78
drank Plum Black by Simpson & Vail
1994 tasting notes

I think I’ve mentioned that my latest tea-drinking pattern is that I drink only green tea and fruit blends or herbals during the week and black and other teas on weekends and holidays.

There are some variations. For example, last week I found an empty storage tin, so went into my stash to find a tea in a bag to transfer to it. That one happened to be the coconut white from Teafrog, but the tin wasn’t big enough to hold all the tea. So I decided to drink up the excess — I am alternating green tea and white tea at work until the excess is gone (unless I decide to cold brew it, which is also a possibility).

I’ve also mentioned my logic for how I select the next cold brew experiment (I find the lowest rated tea in my cupboard that I have enough of to cold brew, and if it seems like it would work as a cold brew, into the fridge it goes).

I’m not sure I’ve mentioned that there is a micro-pattern to my weekend black tea drinking. This is likely interesting only to me, but I’m recording it here for posterity.

I start with an unflavored black, sometimes one I haven’t tried before, sometimes one I have. After that, I move to a flavored black that I haven’t tried yet. Today, that’s this tea.

The third cup is a flavored black that I’ve had before, and is in active sipdown mode. The fourth is a lapsang, which has its own separate project going on (project Lapsang sipdown).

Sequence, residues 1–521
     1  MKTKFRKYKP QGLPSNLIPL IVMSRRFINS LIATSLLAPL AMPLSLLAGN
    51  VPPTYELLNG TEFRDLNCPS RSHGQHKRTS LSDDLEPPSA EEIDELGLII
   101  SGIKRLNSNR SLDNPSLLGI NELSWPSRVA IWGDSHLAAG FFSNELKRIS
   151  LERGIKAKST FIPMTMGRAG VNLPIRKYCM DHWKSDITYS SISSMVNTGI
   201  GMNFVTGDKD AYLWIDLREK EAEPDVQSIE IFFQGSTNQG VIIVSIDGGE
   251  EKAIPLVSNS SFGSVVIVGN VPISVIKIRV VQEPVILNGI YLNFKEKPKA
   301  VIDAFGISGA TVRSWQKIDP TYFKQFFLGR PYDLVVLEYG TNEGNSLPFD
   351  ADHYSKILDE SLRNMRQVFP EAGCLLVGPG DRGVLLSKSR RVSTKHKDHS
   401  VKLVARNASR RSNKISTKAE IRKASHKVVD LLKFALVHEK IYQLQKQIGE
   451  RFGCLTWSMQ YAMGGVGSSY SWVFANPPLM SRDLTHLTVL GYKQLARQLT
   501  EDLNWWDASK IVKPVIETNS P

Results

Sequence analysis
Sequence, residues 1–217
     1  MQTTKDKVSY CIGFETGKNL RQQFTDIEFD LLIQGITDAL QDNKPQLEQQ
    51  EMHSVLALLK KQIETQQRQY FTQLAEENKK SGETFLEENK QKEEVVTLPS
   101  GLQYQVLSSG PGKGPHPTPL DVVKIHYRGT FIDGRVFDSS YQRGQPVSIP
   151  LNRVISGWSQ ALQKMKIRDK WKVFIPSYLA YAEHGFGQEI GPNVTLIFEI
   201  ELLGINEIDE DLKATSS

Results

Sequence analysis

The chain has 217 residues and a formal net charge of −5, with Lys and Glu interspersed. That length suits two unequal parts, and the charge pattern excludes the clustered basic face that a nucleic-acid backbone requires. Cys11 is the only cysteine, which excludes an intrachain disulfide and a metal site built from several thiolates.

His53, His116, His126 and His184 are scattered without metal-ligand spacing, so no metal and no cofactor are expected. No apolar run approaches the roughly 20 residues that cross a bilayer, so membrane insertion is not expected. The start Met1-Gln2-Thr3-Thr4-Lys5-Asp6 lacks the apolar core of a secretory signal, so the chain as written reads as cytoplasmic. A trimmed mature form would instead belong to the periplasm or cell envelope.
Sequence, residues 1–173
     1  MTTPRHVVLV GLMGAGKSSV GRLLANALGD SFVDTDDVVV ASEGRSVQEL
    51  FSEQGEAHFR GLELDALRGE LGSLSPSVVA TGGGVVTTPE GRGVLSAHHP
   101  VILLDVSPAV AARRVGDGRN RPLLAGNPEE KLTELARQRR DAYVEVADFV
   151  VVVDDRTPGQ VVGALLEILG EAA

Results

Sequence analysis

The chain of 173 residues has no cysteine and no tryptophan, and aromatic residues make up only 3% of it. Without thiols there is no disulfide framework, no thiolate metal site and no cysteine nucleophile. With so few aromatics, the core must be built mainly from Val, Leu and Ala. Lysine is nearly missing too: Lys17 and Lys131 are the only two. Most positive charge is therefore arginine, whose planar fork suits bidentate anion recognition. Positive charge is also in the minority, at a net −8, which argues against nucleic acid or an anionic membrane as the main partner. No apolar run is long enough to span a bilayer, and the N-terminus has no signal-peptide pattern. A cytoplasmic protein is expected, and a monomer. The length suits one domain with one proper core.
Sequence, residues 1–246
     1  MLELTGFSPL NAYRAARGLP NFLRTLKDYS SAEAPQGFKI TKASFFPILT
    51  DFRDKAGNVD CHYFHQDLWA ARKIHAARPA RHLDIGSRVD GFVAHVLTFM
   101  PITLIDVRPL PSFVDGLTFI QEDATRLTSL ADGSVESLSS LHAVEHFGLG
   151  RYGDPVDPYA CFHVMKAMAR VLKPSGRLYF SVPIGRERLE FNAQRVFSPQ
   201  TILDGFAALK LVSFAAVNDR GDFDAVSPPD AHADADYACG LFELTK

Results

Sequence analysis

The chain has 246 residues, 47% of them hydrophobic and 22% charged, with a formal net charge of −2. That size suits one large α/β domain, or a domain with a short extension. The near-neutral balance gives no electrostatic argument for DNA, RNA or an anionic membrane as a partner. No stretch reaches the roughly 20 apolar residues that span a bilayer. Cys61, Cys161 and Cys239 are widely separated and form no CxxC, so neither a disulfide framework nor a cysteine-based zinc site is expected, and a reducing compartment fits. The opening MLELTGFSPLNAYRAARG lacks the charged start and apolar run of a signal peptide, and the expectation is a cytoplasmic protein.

Today I recorded things a bit out of order. This is my second tea, but my third note. I have the Violet in steeping at the moment, though I recorded it as a sipdown first because I didn’t have a lot more to say about it.

That’s the method to my current madness. It’s making a dent, I think, particularly in the lapsangs.

Now, for this tea. The dry leaf smells like the melange of Simpson teas that shared their essential oils through the paper packing bags they came in, so there’s not a lot of interest there.

Steeped, the aroma is of — plum! Maybe tending a bit toward the prune-like. It’s a dark flavor for the synesthetes out there, a bit darker than I associate with plum which is why I’m going toward prune.

Now that I have prune in my head, it’s hard to get it out and that’s pretty much what I’m tasting as well. But it’s not a scary prune. Scary prune is shriveled and dry. This is juicy prune. If you’ve ever eaten prunes out of a package, you know when you get that one that’s really soft and juicy and reminds you of the plum from whence it came? It’s like that.

The tea is dark, reddish brown, and clear.

I am not sure I’d buy this again, but it’s a fun change.

Flavors: Dried Fruit, Plum

Preparation
Boiling 3 min, 0 sec 2 tsp 17 OZ / 500 ML
Evol Ving Ness

I don’t recall you mentioning this way of being. But wow, interesting approach to tea world. I am copying this post in my tea notes to reflect on later. Currently, I stay with either one or two teas per day. I have a focus box which I dip into regularly for sip down attention, but box is, unfortunately, huge, so progress is slow.

Evol Ving Ness